# Should I consider it white noise?

I have an hourly time series that I want to forecast. Prior to modelling it, I tested it for random walk. The ACF and PACF plots for the time series are as follows:

Since the PACF has a high value at lag 1 and ACF is decreasing linearly, I wanted to check its 1st differentiation for white noise to figure out if its a random walk or not. The plots for the differentiated time series and its ACF, PACF are below.

As the 1st differentiation plot has 0 mean, constant variance and the ACF values are barely above the confidence interval at lags above 0, can I conclude it the series to be a Random Walk?

• ACF/PACF are of limited help: stats.stackexchange.com/q/595150/1352. This holds especially for long time series as yours. In addition, hourly time series often exhibit multiple seasonalities, e.g., hour of day and day of week. The tag wiki contains pointers to resources for these. What does your time series measure? Dec 30, 2023 at 17:44
• The series depicts the hourly height of waves from 2017 to 2019. Dec 30, 2023 at 19:48
• the waves definitely have tidal wave cycles, so in this regard you can't call them white noise Dec 31, 2023 at 20:45

Purely from the data / visuals shown here it's possible it's a random walk as acf/pacf don't show any clear patterns. However see Stephan Kolassa comment on better ways to quantify/test data for white noise than just looking at acf/pacf.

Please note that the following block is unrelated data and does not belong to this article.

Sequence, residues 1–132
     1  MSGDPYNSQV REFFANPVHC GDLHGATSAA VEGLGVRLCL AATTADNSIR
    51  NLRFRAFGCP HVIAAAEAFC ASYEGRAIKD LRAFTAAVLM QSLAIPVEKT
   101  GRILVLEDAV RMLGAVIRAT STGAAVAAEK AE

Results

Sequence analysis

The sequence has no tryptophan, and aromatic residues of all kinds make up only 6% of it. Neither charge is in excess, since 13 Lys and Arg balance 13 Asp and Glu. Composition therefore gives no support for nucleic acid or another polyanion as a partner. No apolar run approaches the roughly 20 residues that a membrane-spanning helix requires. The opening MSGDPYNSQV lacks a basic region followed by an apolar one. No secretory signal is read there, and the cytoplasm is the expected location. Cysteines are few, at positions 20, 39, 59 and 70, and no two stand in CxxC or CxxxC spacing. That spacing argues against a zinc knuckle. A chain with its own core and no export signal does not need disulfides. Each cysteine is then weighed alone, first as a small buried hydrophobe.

Having said that, based on your comment that the original data represents "he series depicts the hourly height of waves from 2017 to 2019" the answer to your question if this is potentially a random walk is - has to be - a clear 'Definitely not!'. Otherwise humanity would have been wiped out by now :)

I always recommend to do a sanity check on whether a dynamic system observed over time is stationary, trend stationary, or stochastic non stationary (ie a random walk) before looking at any data. Based on the physics / economics / ( domain knowledge) you can often rule out at least one option .

In your case, based on the variable you measure, most likely you expect to see a data generating process that consists of

• Trend stationary $$f(t) /approx \alpha \cdot t$$ for this short time period (relevant climate question/hypothesis: is $$\alpha$$ zero or not?)
• Multiple seasonalities (12hr tidal patterns, 24hr day/ night - temperature changes, lunar cycle, annual seasons)
• Stationary arma / garch like signal, where variance of garch has also similar seasonal patterns

( see also here for a good primer on time series decomposition)

The garch like patterns you can see on the difference graph with higher, clustered variance in the hurricane season. ( Was this data recorded in gulf of Mexico / carribean? Or California?)

Lastly, any chance you could share this data here ( then we can test model setup above) ? Or at least plot it ( plot a month of data + full range for comparison).

Unrelated note: we are seeing record wave heights now, Dec 30 2023, in California. Is this post inspired by it?

• Sorry for the late reply. I am using this dataset, however I have resampled it to an hourly time series. kaggle.com/datasets/jolasa/… I wanted to test my forecasting skills and came across this dataset while exploring Kaggle. Jan 8 at 21:03